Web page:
What?! by EH
Summertime, mid-80's, "Cruel Summer" by Bananarama plays somewhere in the background...
Imagine a neighborhood in suburban Utah where there were three or more kids in every house (except Superman and his older brother) and not one stay-at-home parent among them. That was my childhood. Summer was full of cherished, unsupervised chaos - once our chores were done.
It was a time and place entirely separate from adult reality. No one wanted the parents to become involved. The only time they were informed of anything that transpired during their absence was when something was lost, damaged, or broken OR an injury occurred that was worse than what we could deal with on our own. Because of that, I have seen some serious shit. I even had a cousin stitch me up once to avoid the dreaded phone call to mom at work and a trip to the emergency room.
On any given day you could participate in water fights, any sport or game you can think to play, and neighborhood feuds (started by trades gone wrong or cheating at the games and sports). Prank calling could have a story all on its own with how crazy it got some days. Anyone in the phonebook was fair game, and we loved answering machines!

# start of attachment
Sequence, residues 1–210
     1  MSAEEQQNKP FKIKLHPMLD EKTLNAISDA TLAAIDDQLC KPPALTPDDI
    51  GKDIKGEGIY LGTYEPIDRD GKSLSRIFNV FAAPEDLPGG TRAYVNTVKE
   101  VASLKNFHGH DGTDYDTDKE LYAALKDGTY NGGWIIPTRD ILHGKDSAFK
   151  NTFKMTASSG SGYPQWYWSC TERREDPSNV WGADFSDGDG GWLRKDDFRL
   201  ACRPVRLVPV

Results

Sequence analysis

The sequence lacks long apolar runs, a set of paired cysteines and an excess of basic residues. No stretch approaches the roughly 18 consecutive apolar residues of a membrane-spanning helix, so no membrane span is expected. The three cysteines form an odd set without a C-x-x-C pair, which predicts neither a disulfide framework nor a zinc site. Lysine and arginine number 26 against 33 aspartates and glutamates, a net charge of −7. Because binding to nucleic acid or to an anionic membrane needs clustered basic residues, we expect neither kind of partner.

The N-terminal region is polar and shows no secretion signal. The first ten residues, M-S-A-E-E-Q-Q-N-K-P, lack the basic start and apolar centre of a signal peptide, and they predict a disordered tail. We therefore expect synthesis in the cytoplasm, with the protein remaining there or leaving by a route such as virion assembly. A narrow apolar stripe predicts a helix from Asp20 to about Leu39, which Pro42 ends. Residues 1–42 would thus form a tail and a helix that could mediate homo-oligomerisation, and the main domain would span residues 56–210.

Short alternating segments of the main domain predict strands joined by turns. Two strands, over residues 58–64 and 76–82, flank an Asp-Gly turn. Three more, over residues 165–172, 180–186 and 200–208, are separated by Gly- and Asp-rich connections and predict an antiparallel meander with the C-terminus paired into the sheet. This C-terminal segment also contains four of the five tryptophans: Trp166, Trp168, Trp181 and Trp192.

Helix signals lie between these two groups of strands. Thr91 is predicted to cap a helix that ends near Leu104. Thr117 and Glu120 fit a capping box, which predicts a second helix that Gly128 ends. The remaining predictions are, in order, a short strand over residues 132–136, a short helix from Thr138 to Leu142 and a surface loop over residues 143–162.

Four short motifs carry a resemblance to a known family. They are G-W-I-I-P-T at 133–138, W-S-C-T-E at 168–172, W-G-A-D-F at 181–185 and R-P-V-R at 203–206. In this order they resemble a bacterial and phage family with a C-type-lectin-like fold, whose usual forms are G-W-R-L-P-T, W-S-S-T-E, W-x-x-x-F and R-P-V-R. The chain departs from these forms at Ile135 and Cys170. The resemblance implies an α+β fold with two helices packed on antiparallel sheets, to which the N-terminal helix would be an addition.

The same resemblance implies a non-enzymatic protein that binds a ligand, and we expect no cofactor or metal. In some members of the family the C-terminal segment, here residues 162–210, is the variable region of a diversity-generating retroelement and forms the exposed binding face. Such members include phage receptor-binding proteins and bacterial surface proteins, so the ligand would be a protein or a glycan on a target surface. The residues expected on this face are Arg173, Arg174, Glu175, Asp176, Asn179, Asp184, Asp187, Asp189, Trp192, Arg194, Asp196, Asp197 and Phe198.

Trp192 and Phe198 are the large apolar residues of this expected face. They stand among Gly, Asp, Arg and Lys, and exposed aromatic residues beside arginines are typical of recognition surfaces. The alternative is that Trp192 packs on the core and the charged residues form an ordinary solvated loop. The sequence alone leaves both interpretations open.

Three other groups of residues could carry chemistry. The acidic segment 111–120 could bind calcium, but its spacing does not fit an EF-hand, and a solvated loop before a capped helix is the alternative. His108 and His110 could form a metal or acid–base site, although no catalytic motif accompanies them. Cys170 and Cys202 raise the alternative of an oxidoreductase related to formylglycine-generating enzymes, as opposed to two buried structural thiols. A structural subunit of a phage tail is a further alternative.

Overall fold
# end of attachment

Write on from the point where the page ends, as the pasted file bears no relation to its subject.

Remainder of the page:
Noone spent any time bored. At the first sign of nothingness, a new idea would spring up, and we experimented all the time. There was the "mix everything you can find in the kitchen to make a gross concoction" kind of days. We fed it to our volunteer "guinea pigs," which were just younger kids willing to play.
Then we had fun "tightrope walking" on the peak of the garage roof until that seemed lame and we took on the peak of the house. The bigger boys turned regular ground flowers into M80-esque fireworks using masking tape. When they put it in the metal chalice, the cops showed up looking for the origin of the loud explosion they heard. One day they soaked a tennis ball in gasoline and tossed it back and forth with hands wrapped in gasoline-soaked rags, while we watched.
The most liberating part of summer was riding bikes. The main road in the area has a blind curve. Standing on one side the cars can be seen before they can see anything. Taking turns, timing it just right, we'd ride across the road at the same moment they made the turn. They'd slam on their brakes and cuss. We couldn't get enough of the wide-eyed shock on their faces. I still laugh when I think about it.
No wonder I have such high expectations for summer. All my life Summer meant heart-racing adventure and complete freedom.
Well, what are we waiting for?